Taken together, mostly based on small numbers, prior studies have found various types of therapies (eg, oral alkylating therapy, myeloablative therapy used in conjunction with ASCT, radiotherapy, and lenalidomide) to be associated with an excess of second malignancies after multiple myeloma. Yet the exact underlying mechanisms remain to be determined, and several studies to elucidate the underlying mechanisms are ongoing…”

Secondary Cancer Risk Found With Multiple Myeloma Maintenance Therapies

“Patients with multiple myeloma may develop myelodysplastic syndrome-associated cytogenetic abnormalities (MDS-CA) after treatment with maintenance lenalidomide or thalidomide after melphalan exposure, increasing the risk for clinical MDS/acute leukemia, according to the results of a retrospective study published online in Blood…”

Second Primary Cancer

second primary cancer (SEH-kund PRY-mayr-ee KAN-ser)A term used to describe a new primary cancer that occurs in a person who has had cancer in the past. Second primary cancers may occur months or years after the original (primary) cancer was diagnosed and treated. Certain types of cancer treatment, such as chemotherapy and radiation therapy, may increase the risk of a second primary cancer. Having certain inherited gene mutations (changes) and being exposed to certain cancer-causing substances, such as tobacco smoke, may also increase the risk of a second primary cancer.”

When Cancer Strikes Twice

“Cancer can, and sometimes does strike twice. It famously happened to Justice Ruth Bader Ginsburg of the Supreme Court, who was successfully treated for colon cancer in 1999 and then for pancreatic cancer in 2011…

Depending on age, up to one in four cancer survivors is likely, sooner or later, to develop a second new cancer that is neither a recurrence nor spread of the original. Yet many survivors fail to take advantage of well-established ways to keep future cancer at bay or take steps to detect new cancer when it is still early enough for a cure…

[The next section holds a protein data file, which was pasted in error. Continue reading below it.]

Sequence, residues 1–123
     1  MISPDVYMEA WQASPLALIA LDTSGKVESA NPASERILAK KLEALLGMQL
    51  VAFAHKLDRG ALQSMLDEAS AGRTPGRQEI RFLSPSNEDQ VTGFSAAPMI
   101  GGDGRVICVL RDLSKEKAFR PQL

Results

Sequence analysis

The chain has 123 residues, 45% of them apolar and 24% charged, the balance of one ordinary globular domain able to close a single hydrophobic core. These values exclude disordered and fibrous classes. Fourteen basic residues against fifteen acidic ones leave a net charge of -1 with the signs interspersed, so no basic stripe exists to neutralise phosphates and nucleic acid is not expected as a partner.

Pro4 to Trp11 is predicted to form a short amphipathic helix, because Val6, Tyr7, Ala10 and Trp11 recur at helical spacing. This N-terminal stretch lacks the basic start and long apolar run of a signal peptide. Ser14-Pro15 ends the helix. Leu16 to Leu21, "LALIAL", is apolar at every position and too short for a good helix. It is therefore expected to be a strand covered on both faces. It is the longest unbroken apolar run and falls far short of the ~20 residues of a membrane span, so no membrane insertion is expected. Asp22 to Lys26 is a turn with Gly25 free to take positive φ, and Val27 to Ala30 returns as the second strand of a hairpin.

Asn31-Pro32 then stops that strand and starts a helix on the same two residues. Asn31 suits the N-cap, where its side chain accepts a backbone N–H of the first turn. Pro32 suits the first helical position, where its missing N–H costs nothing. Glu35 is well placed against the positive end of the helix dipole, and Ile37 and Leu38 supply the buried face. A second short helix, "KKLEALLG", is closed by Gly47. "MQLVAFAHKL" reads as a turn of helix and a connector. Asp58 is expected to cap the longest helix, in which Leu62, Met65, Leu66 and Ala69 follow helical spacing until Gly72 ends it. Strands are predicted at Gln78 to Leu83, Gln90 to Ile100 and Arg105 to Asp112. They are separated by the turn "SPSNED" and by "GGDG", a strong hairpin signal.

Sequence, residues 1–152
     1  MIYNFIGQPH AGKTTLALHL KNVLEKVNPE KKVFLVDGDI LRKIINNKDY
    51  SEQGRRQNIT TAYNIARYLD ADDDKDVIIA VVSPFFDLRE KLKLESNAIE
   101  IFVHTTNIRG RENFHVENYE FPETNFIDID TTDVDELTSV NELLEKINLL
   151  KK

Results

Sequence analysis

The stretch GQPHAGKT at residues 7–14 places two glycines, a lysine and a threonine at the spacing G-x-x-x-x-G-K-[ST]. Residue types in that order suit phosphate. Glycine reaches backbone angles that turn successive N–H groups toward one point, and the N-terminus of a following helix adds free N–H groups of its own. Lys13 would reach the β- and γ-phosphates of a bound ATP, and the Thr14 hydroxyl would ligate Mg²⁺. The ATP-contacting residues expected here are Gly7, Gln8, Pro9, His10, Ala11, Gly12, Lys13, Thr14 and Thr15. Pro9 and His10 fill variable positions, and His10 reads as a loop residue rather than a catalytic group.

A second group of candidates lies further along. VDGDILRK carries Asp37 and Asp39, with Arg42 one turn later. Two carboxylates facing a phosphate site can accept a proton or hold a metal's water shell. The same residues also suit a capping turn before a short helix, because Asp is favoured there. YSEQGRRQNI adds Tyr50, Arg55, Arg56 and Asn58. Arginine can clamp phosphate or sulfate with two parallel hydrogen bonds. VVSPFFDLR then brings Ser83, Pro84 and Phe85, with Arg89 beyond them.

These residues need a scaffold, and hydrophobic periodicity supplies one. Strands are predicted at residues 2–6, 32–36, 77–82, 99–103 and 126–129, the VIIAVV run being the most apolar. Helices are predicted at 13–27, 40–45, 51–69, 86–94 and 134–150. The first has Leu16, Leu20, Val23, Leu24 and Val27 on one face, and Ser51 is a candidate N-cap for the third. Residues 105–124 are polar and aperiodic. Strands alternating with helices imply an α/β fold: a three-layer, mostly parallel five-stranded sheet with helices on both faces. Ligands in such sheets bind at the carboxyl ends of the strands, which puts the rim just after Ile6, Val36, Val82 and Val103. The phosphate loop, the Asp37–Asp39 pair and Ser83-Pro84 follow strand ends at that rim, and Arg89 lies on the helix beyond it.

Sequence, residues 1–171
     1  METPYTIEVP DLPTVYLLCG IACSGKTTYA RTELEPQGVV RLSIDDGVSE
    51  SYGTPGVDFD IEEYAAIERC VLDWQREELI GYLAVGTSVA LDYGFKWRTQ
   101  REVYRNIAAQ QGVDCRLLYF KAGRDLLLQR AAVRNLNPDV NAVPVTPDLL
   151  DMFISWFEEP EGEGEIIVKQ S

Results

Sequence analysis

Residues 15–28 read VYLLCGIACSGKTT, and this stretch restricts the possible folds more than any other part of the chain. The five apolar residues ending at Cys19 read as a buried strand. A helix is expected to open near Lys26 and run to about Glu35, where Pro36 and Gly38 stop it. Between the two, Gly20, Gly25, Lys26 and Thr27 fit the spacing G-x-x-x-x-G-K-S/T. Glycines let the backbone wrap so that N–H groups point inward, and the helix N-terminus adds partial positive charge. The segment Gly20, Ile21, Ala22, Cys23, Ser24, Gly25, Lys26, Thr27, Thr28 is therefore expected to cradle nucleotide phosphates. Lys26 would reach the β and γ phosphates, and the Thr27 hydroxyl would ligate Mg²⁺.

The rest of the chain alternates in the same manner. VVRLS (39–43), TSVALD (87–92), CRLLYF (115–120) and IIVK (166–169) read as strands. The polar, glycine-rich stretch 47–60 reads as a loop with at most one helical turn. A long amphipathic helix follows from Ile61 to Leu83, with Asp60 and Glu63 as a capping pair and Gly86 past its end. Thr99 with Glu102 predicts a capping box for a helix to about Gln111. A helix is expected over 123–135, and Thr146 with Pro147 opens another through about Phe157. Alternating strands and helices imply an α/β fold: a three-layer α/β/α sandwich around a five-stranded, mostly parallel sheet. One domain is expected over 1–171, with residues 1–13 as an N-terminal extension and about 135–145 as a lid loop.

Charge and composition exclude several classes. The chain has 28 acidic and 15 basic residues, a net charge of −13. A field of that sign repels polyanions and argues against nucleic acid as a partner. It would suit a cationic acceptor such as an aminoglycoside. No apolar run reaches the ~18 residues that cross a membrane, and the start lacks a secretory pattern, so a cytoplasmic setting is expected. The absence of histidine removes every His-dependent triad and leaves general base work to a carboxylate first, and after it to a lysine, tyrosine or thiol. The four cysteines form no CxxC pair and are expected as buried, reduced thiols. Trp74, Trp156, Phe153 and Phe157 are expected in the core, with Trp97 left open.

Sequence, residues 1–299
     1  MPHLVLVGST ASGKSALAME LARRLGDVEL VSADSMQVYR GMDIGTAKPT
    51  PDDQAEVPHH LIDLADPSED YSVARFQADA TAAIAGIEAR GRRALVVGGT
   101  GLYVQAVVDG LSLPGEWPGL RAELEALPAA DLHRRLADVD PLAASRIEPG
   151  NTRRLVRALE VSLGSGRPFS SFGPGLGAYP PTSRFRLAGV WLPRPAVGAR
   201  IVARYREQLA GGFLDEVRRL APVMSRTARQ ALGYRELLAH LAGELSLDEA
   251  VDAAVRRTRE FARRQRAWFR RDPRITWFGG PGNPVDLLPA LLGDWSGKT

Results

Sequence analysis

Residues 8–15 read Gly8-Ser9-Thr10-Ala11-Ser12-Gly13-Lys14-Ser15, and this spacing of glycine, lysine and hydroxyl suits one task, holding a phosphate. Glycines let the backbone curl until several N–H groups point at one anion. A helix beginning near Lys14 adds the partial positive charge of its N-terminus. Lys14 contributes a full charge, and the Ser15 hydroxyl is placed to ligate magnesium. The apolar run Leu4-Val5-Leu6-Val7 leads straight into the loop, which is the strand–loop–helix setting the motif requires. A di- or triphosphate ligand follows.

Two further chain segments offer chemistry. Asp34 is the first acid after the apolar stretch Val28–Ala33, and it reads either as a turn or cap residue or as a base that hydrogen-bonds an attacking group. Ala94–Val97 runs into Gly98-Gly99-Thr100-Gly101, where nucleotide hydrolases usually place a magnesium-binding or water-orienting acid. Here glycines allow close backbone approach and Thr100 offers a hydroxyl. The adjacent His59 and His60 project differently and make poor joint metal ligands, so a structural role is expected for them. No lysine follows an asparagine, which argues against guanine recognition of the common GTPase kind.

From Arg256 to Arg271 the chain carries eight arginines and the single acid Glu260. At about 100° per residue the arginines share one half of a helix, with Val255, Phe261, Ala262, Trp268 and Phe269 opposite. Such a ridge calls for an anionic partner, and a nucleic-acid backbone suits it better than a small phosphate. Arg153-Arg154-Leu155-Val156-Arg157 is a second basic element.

The matter is hardly trivial. The population at risk is huge and growing. As a result of better cancer screening and treatment and continued aging of the population, the number of cancer survivors in the United States has increased fourfold in the last 30 years, reaching 15.5 million by 2016, and is expected to climb to 26.1 million by 2040…

In a recent report in JAMA Oncology by researchers at the University of Texas Southwestern Medical Center in Dallas, approximately 25 percent of Americans 65 and older and 11 percent of younger adults who were previously treated for cancer were subsequently found to have one or more new cancers in a different site. Depending on the type of original cancer and the person’s age, the risk of developing a second unrelated cancer ranged from 3.5 percent to 36.9 percent. The study covered 765,843 new cancer diagnoses made between 2009 and 2013 and recorded in a population-based national registry, the Surveillance, Epidemiology and End Results (SEER) program…

In many cases, the development of a second cancer resulted from the same risk factors that most likely precipitated the first malignancy. These factors include tobacco use, obesity, and infection with human papillomavirus (HPV). For example, a smoker who has been successfully treated for lung cancer may later develop bladder cancer, which is also related to smoking, as well as a second lung cancer. An HPV infection, which most often causes cervical cancer, can also cause cancers of the vagina, penis, rectum, and throat. And obesity is a known risk factor for at least 13 kinds of cancer, including cancers of the uterus, esophagus, stomach, liver, kidney, colon and pancreas.